The Australian Privacy Commissioner Timothy Pilgrim has revealed that he did not launch an investigation into Telstra's secret collection of customer browsing history for a new cybersafety tool because personal information was not collected.
In June, Telstra was caught tracking its Next G customers' web browsing, and sending that data to US-based filtering company Netsweeper for the purpose of building a database of sites for a new cybersafety tool called Smart Controls. Smart Controls is designed to block certain categories of sites from appearing on Telstra mobiles whose owners have signed up for the service.
The companywhen it was caught, but claimed that it had been before sending that data to the United States. Telstra said that as a result, no personal customer information was passed on to Netsweeper.
At the time, the Privacy Commissioner said that he was in contact with Telstra with a view to launch an investigation into a potential breach of privacy. Following questions from ZDNet on Monday, Pilgrim said that no investigation was ultimately launched.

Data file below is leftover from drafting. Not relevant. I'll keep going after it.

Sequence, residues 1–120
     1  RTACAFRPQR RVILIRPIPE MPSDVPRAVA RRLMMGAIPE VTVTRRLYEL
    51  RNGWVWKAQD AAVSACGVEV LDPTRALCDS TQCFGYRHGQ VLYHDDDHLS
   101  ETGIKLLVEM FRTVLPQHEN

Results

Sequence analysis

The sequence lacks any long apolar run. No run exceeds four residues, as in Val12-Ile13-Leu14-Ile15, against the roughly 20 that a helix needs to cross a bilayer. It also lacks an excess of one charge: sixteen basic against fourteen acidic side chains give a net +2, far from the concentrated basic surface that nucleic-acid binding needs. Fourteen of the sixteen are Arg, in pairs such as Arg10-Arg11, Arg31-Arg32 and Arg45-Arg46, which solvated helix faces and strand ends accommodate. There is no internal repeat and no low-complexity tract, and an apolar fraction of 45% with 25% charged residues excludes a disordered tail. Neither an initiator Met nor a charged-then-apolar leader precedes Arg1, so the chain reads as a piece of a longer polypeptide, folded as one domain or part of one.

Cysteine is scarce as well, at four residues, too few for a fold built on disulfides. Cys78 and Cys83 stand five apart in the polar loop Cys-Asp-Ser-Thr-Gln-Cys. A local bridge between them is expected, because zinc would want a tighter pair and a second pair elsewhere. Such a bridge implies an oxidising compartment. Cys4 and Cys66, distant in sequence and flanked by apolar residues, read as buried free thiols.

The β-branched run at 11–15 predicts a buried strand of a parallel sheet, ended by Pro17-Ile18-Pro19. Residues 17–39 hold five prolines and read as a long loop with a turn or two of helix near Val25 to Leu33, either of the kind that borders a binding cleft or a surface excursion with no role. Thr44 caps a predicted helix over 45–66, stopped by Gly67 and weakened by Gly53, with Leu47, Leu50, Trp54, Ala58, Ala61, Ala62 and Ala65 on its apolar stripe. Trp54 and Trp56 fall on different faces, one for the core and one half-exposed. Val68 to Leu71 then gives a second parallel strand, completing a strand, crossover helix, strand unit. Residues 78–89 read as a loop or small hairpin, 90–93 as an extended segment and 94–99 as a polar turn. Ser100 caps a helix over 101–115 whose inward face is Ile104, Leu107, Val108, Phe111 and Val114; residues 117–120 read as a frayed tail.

"The OAIC [Office of the Australian Information Commissioner] did not conduct a formal investigation into the Telstra Next G Netsweeper matter. We considered the issue raised by this product, and in doing so held discussions with Telstra and obtained additional information from them about its application," Pilgrim said.
"The OAIC was not presented with any evidence that personal information was collected and disclosed to Netsweeper. We did not receive any complaints from individuals about this matter."
On Monday, Telstra said that it has since, where people who are interested in blocking content could allow Telstra to track their web browsing.
Pilgrim said that seeking community views of the proposal prior to launch is the right move.
"I am pleased to see that prior to relaunching the service Telstra is currently seeking the community's views on this product and I encourage people to have their say," he said.